United States--History--Civil War, 1861-1865; Bruen, Luther Barnett--Correspondence
Nokesville Va Jan 27. 1864 My Dear Augusta: We are having much delightful Spring-weather here. The ground is bare of snow, and the blue birds sing in the morning as if it were really spring. I don't enjoy the charming weather as I would if I were not troubled by a severe cold, which was contracted on the night of my arrival in camp. Yesterday was equal to the worst days of my Hay-fever season. I was helped very much by greasing the upper part of my nose and the space between my eyes and that portion of my forehead immediately above. *Intriguingly* enough this remedy was recommended by an officer of the 12th and an old woman of this neighborhood who came into camp yesterday morning to ask for a safe-guard for her house. She came here from New Jersey about ten years ago. It is a week to-day, just about the hour I write that I left Dayton + yet I would right gladly be there now, altho' I suspect it is at this present moment a wretched, muddy, snowy, sloppy spot. We have a sufficient *quarantine* of the original old Virginia mud, but so much less than we have had sometimes that we are considering ourselves quite comfortable + go thro' with our routine of duties with reasonable contentedness. "Swinging" a Brigade is not a very *aionous* business, and I like it so much better than swinging a regiment that I have an idea of being made a Brigadier, if the war is not terminated soon. You need not begin to make me a star, however, as I think it very likely there will be but few additions to the present military constellation. Enclosed I sent you a piece of my Brigade flag - it was carried at its head at Chancellorsville by Gen *Ayner*, to whom I sent it to-day; first clipping off the little piece. It was mainly valuable as being the flag of the first brigade I ever commanded. It has gone before me in all my countermarchings down here + been close by whenever there was a chance for a fight. The new one I have thrown out in its stead will I trust be carried with as much credit, should it be my fortune to carry it in the coming campaign. My short visit home seems like a dream almost, already long past. I wish it could be repeated soon, if it could be somewhat more protracted, as flying visits are not to my taste. Some staff officers I find get leave for ten days longer than mine, altho' they go only to some of the cities to gamble and spend their time in other *dissipation*. Kissing goes by *facn* in the army as well as at Court. I am sorry I did not get Sella a pair of skates before I left. If you have the money and there is a prospect of having more skating buy them for her. - On my return, I found an order suspending my pay, because certain Regimental Returns have not been forwarded. This is very unjust to me as I have been in command of the regiment but a short time during which there has been very few opportunities of doing clerical work, - not enough to have kept up with the current returns, had they all been sent on when I assumed command. The order is grossly unjust to me and I hope to have it rescinded soon. - I hoped to get a letter from you last night (Wednesday) but it did not come, so I am still without advice from home since my departure. I hope I shall not be disappointed again to-night. Love + kisses for all you, girls, boys + mother from Father.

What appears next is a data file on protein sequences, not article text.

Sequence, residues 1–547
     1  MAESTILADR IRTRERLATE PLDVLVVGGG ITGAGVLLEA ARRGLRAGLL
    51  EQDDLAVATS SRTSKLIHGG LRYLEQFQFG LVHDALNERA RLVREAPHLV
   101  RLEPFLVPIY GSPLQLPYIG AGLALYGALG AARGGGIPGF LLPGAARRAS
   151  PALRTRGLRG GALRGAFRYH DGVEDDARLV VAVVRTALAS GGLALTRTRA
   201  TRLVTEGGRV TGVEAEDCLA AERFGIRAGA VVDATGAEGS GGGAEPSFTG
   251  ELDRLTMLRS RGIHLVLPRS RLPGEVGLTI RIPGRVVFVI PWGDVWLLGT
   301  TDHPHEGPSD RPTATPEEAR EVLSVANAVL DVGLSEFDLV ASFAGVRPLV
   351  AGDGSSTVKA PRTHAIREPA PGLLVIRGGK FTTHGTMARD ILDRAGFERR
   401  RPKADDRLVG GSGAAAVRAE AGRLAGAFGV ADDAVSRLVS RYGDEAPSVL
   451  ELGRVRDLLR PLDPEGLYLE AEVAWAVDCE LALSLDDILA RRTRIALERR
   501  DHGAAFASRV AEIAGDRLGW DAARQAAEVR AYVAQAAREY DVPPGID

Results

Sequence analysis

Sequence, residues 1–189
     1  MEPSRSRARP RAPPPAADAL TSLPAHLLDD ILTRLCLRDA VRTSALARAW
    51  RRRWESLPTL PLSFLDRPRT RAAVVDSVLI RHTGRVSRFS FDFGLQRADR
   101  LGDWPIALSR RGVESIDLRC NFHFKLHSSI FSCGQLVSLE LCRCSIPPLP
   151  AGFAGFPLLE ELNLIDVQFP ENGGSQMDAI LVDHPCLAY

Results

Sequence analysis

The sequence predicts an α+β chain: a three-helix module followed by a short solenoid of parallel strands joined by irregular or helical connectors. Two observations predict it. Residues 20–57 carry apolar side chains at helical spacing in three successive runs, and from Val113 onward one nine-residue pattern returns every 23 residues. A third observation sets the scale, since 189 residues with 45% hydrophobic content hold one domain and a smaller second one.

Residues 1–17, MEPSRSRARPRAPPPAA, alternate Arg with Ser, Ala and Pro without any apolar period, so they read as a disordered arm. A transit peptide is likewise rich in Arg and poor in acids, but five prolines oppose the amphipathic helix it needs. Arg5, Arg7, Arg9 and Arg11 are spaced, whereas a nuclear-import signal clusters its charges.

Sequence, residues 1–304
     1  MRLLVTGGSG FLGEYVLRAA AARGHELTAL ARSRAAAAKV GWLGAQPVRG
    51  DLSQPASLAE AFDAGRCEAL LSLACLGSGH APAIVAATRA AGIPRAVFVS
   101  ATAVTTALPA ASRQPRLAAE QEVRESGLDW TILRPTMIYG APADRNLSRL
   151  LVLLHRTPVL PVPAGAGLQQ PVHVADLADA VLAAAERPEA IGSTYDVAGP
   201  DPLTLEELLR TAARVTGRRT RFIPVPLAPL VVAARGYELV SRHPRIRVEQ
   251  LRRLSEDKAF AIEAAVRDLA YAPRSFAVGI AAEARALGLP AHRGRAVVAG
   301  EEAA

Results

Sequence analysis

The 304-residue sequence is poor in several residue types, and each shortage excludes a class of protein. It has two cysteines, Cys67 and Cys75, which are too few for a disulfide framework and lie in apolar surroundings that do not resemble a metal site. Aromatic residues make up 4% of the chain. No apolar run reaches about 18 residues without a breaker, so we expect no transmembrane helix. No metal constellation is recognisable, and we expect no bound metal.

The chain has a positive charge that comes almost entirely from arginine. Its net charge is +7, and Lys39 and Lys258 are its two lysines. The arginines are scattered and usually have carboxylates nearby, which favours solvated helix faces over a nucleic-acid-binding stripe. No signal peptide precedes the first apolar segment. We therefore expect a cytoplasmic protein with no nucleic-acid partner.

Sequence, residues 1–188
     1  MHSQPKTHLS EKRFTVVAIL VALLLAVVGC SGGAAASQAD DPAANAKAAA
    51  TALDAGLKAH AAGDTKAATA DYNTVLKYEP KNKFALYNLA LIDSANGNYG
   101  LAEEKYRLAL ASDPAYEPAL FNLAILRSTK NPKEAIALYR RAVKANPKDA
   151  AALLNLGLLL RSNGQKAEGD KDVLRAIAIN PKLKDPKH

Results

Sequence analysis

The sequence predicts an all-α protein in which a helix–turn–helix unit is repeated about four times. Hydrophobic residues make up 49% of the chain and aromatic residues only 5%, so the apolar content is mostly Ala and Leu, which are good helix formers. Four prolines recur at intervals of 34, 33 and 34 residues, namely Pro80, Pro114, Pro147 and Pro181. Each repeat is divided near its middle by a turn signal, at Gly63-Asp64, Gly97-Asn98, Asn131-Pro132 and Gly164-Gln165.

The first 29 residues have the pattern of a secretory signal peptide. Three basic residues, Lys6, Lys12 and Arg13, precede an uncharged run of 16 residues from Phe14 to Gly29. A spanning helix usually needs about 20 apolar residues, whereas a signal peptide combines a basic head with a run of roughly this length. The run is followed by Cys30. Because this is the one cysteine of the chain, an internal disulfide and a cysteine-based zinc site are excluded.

Catharine Mitchill '31 Collection of Family Letters, Wellesley College Library, Special Collections